The hour is late and I should be asleep instead of writing this, but it’s been another long day at work and I’m tired. Quite frankly, it’s a miracle I’m still able to string words into coherent sentences. My eyelids are falling and my words–the ones in my head that I’m not even speaking aloud–sound like they’re slurred. But I’m pressing on, anyway.

You see, this year I promised myself I’d blog consistently. At least once a week, I said. On Thursday, I said. But this week came and went and in the midst of a couple of long days at work and the emotional day that lies ahead tomorrow, I’m here after 10:30 pm, writing.

In other words, I ran out of time.

I’ve been thinking a lot about time lately. And, in particular, Benjamin Franklin’s approach. “Dost thou love life?” he asked. “Then do not squander time, for that is the stuff life is made of.” I scribbled this quote in the margins of my bullet journal last week and they’ve been echoing in my head ever since.

In spite of his many other shortcomings, Franklin was a master at time management. Volumes have been written about his about his productivity, so I’ve been determined to emulate his methods to make the most of the my time.

A milestone birthday is on the horizon, and it’s a reminder that my days are finite. It’s scary and sobering but I’ve also been inspired to use every moment in a manner I can be proud of when I look back over the landscape of my life.

That approach has changed some of the ways I approach living:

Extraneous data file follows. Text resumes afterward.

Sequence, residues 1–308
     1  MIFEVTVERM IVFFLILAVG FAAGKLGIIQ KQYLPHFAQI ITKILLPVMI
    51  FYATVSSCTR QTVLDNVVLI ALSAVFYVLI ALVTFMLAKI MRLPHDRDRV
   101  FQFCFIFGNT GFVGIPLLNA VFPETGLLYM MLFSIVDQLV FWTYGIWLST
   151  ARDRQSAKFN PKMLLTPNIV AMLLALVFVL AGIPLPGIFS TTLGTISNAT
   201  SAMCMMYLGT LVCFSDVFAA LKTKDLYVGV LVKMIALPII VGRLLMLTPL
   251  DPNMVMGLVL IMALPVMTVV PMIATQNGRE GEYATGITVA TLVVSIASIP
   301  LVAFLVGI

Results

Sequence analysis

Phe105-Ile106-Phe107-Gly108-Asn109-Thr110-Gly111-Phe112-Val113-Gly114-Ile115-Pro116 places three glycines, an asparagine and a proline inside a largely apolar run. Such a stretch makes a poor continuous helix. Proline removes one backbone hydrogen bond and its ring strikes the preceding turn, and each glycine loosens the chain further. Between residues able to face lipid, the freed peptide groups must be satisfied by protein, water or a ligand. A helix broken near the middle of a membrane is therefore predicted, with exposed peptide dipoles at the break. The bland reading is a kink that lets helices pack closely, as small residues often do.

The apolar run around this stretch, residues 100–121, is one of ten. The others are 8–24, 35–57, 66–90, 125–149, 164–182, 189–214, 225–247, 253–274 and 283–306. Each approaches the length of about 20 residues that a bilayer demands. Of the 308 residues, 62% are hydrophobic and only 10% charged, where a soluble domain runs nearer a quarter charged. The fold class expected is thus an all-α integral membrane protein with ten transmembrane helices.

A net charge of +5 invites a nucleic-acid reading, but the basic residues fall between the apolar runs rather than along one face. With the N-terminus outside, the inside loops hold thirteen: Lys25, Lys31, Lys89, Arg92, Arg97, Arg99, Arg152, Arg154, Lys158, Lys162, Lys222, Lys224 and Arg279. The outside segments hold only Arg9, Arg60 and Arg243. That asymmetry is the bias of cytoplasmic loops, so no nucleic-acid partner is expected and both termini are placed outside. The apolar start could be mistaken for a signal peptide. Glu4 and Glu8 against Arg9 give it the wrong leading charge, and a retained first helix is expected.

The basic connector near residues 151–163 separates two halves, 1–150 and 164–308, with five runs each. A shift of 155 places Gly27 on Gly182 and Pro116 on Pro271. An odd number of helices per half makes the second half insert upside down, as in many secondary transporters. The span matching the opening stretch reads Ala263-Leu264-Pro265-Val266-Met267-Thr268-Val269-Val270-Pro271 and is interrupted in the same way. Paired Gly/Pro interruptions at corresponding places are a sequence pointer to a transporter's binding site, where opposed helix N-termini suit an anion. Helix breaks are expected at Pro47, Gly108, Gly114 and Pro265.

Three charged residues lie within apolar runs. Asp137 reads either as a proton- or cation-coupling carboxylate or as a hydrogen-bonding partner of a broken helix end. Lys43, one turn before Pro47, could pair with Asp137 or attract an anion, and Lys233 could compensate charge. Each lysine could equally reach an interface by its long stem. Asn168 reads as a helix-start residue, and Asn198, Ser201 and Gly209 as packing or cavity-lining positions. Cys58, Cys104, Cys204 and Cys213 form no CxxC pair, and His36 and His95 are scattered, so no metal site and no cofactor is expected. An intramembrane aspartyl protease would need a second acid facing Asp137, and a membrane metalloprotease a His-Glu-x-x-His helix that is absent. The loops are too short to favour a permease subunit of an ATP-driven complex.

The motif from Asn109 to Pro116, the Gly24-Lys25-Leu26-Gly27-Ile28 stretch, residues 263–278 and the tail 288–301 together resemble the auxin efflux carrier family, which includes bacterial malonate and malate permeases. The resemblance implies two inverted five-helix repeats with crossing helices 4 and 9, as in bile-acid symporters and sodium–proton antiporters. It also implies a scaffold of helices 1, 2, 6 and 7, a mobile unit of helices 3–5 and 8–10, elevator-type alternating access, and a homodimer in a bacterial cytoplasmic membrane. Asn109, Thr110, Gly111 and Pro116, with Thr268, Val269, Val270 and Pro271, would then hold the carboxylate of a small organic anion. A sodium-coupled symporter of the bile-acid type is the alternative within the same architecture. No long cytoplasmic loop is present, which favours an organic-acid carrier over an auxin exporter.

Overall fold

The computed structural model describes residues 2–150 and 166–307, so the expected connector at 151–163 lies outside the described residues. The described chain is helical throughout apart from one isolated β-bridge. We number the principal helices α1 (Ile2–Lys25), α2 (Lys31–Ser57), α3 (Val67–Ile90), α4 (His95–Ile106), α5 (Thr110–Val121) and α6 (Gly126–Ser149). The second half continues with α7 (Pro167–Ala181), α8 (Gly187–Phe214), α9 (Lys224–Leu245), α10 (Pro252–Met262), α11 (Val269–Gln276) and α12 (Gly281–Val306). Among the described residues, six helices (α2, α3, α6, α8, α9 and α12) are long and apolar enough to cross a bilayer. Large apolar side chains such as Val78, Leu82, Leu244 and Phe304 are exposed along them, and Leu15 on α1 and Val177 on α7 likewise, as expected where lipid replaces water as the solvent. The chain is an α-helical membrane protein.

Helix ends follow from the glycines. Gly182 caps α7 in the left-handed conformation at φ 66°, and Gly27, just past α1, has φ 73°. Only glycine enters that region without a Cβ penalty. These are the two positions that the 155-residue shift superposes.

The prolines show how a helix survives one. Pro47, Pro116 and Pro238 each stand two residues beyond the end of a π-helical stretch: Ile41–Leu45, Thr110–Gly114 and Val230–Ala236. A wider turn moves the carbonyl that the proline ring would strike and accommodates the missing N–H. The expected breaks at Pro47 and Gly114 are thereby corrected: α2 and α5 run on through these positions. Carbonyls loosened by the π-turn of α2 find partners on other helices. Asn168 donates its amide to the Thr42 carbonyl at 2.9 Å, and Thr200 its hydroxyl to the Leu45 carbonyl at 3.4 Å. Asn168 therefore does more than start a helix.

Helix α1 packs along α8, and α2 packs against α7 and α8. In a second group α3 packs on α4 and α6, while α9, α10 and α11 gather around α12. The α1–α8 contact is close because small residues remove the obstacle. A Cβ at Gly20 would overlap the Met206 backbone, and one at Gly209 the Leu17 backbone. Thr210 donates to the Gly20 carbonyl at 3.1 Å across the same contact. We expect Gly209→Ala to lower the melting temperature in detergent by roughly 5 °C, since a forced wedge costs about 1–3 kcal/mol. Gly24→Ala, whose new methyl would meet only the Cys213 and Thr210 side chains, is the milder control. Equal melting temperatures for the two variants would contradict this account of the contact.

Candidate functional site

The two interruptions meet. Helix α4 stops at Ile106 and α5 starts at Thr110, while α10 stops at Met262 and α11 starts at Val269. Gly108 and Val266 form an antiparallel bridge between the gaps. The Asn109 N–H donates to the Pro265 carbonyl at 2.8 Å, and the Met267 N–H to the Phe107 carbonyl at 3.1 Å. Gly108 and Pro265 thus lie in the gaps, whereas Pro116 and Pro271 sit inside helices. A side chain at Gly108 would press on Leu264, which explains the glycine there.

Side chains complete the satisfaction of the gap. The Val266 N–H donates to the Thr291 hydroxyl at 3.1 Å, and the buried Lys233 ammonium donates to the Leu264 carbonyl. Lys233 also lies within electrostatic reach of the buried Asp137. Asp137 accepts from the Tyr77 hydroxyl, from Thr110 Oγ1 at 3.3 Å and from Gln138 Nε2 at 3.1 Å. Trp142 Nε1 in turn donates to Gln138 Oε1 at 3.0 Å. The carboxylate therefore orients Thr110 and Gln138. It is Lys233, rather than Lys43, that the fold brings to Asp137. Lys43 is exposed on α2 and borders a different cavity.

Work

As much as I love my job and what I do, I’ve stopped giving my employer a “blank check” for my time. I’m much more conscientious about being focused at work when I’m there and closing up shop when it’s time to go home. In doing this, I’m free to pursue my other goals and passions.

Play

Social media, I love you, but you’re a time suck. Nowadays, I use the timer on my smartphone to limit the amount of time I spend on Snapchat or Instagram or Twitter. As much as I enjoy sharing in other people’s lives, I also need to be busy living my own to the fullest.

Sleep

This one’s a biggie. I have a hate/love relationship with shut-eye. Although I hate that sleeping basically cuts the time we actively live by one-third, I’ve recently realized how much better–and more productive–my waking hours are when I’ve slept for roughly eight hours.

Until recently, I’d been getting by on between six to seven hours of sleep. We’ve had a colder than normal winter here in Seattle and on many nights, I found myself getting under the covers in the evening and falling asleep earlier than I wanted and sleeping for a full eight hours. But then the strangest thing happened. The brain fog that had been plaguing me for years lifted. My thoughts became less sluggish. Clearer. Sharper. I began to feel like my own self again. And with greater clarity of mind, I’ve been better able to focus on hitting my targets. Who knew?

With these changes to my routine in combination with an improved focus on my goals through bullet journaling, I’m confident this year will be a year I can look back on and know it was successful because I made time for the things that matter most to me.

Knitting Can Be Expensive…and Sometimes, That’s Okay

 

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The Ashland Pullover via Brooklyn Tweed

 

Even though August tends to be the hottest month of the year, in the back of my mind these dog days of summer always mean September–and subsequently fall–is right around the corner. I immediately begin dreaming about cinnamon-spiced everything, changing colors, and cooler days. And, if I’m honest, I’m really fantasizing about sweater weather and getting a new woolen garment on my knitting needles. Continue reading →